Let me start by saying I know why, but I am inquiring more about the origin.
My question is more related to literature that I cannot seem to find. I've found some helpful papers and information on the origin of the using 121°C for sterilizing equipment, and killing bacteria but I wanted to ask the question anyways and see if anyone knew something more about it.
So to restate my question, I want to see data as to why 121°C and not 120°C?
Originally I though it is because the experiments might've been conducted in F and the inter-conversion from F to C yielded 121°C which is an odd number.
From what I could gather it started in the food industry with a company that made canned products and their canned products were exploding. This company approached MIT and after some research they found that at 121°C (250F) for 60 min in retort would kill the spores surviving the previous processing. (further exp. reduced the time to 10 min, for canned clams)
This is detailed in the paper which was published in 1897
The autoclave was invented in 1879 (18 years prior to the publication). At the end of the publication it says:
Detailed descriptions of the organisms and of many more experiments will be given in our full paper on this subject to appear in a forthcoming number of the Technology Quarterly
I have not been able to find this specific issue of Technology Quarterly
The authors (S. C. Prescott and W. Lyman Underwood) also say:
As we have shown in our previous paper, in order to insure sterilization in practice, it is necessary to obtain and maintain a temperature in excess of 121°C (212F) throughout the contents of the can. Intermittent sterilization may be employed, but is less efficient and is not practicable upon a large or commercial scale. We have found by experiment that sixty minutes at 121°C (250F) is sufficient time for sterilizing corn, and it seems probable that this can be shortened somewhat or the temperature reduced.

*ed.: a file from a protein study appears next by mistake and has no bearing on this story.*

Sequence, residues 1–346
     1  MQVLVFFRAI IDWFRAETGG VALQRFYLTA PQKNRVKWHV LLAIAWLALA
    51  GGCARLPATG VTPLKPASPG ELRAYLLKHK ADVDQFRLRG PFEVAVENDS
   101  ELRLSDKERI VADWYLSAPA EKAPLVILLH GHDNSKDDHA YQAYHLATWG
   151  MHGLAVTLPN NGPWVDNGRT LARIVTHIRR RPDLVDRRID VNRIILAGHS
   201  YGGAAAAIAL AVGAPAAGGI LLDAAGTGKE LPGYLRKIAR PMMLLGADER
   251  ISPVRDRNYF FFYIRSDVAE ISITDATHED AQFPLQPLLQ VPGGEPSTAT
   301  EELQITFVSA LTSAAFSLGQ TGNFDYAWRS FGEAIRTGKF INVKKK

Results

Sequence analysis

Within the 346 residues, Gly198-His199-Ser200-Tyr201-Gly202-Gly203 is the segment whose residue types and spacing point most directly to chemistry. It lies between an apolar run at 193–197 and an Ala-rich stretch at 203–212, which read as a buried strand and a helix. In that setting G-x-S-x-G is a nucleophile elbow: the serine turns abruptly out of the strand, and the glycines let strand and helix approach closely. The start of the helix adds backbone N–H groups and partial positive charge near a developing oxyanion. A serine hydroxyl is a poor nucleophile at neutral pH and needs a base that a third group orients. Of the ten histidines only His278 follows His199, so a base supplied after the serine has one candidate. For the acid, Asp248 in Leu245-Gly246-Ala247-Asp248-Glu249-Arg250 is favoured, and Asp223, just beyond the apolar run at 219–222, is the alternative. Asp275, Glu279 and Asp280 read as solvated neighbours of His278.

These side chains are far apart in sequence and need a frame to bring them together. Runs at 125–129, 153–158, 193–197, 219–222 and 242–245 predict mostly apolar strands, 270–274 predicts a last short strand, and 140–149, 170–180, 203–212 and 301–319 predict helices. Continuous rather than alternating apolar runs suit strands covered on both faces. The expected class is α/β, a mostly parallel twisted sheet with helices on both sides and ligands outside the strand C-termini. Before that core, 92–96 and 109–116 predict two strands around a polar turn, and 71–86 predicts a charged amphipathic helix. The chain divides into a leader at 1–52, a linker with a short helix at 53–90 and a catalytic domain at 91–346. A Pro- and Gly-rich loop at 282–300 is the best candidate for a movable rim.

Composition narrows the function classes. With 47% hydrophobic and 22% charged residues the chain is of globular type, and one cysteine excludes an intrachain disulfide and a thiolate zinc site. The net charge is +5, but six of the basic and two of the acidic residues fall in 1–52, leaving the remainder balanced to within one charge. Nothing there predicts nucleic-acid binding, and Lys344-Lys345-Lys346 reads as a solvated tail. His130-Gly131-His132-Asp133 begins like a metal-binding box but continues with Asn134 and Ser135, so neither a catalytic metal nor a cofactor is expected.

They are using °C, but since it's 1890's retorts (autoclaves) used in food industry might be F and the authors probably converted retort eqipment readings to °C for scientific community.
Also, this was what pioneered thermal death study and if you look at the temperature that they used for the study they are kind of sporadic. Probably because they wanted to see what temperature + time would reach the center of the can. The length of heating, or processing, and the pressure which is given vary somewhat in different factories and that might’ve been what led them to the 121°C and not 120°C.
Further research was done in this field: In 1956 and 1958 F. H. Deindoerfer & A. E. Humhrey found that 250F (121C) is the optimal temperature to avoid damage nutrient media. They also discussed analytical methods for heat sterilization times.
What I've been specifically looking for is the first thermal death study with D&Z values that led to the widespread usage of 121°C. Andy why the time and psi required for sterilizing biological samples. I know and found papers on what is used to validate Autoclaves.
Geobacillus sterothermophilus (known as Bacillus sterothermophilus also) is used for validating autoclaves and that is due to it being very heat resistant, making a good biological indicator of microbial life post sterilization. The one paper I found which had some graphical data about its thermal death rate uses °C instead of F. I cannot seem find any information on the bacterial Log reduction at 120°C comparing it to 121°C. This answer might as well as be a mathematical equation leading to the that temperature, but that is only venue I haven't explored
Paper on Geobacillus sterothermophilus: https://www.ncbi.nlm.nih.gov/pmc/articles/PMC1057891/
If anyone can find that Technology Quarterly paper I mentioned at the start that'd be great.